Raising kids is a constant challenge, especially given the pervasiveness of social media and the ways it is used to further bombard kids with superficial, selfish messages. So it’s clear to me that volunteerism needs to be a way of life and not just an occasional activity. PGK has helped my family consider our role in the world, and our responsibility to others, while also experiencing fun, family-bonding activities. My kids are still typical American kids at the end of the day, obsessed with their Instagram accounts and other social media, but at least every once in a while, they’ll admit that although getting a lot of “likes” is fun, at the end of the day, being good to others is what matters most.
Top Reasons to Make Service a Part of Your Child's Summer
By Rachel Hanebutt, Communications & Outreach Coordinator, PGK-Boston
Social and emotional learning. Empathy. Kindness.
All of these are “hot” topics in the news and also in recent child development research, but what makes them even hotter for this summer is how easy Project Giving Kids makes it for you and your kids to make giving back to others and learning these important skills a part of your everyday life.
Recent work from Harvard and other institutions has focused not only on how to improve kids’ achievement scores, but also on how to increase their social and emotional skills, some of which include being kind to other people. While kindness might not become the next video game or toy anytime soon, it is inspiring to think about how just talking about being kind with your kids might help to normalize giving back and being kind to others; they won’t think twice about doing something nice if it’s something they have always done.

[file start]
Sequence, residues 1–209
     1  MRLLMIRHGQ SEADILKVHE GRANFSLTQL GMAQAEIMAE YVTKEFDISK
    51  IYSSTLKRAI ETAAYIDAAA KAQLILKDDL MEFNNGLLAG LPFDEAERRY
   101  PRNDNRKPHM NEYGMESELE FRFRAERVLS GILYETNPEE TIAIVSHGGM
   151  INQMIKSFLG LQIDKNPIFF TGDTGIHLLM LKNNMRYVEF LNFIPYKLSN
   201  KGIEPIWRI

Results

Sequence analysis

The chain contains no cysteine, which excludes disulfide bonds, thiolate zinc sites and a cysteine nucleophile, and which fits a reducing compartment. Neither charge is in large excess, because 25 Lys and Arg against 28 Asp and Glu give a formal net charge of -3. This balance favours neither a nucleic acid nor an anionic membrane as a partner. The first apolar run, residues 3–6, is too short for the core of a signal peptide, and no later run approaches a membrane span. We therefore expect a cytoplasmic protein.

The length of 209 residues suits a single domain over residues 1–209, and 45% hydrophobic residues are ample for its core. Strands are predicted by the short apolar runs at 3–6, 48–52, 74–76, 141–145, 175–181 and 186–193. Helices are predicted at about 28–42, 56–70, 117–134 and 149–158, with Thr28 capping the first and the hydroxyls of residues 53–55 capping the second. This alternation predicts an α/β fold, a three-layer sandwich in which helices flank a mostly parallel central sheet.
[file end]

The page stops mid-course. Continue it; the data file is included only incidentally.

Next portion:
Another reason to make service a part of your child’s summer is because summertime provides the mental break that kids need to actually enjoy giving back to others. Just as sleeping in and going to the swimming pool are that much more fun in the summer, doing special service activities and trying out new ways of helping people in the time off from school creates a great opportunity for kids to have fun while doing things for others.
While these reasons are not exhaustive, the most important reason for making service a part of your child’s summer is that it’s the right thing to do. With all of the suffering in the world today, every act of kindness and every service rendered is a step in the right direction towards a more just world.
Project Giving Kids makes summer service easy, simple, and most importantly, fun! Check out the PGK Activity Finder, which is great for figuring out what you can fit into your schedule and which activities your kids will connect with most.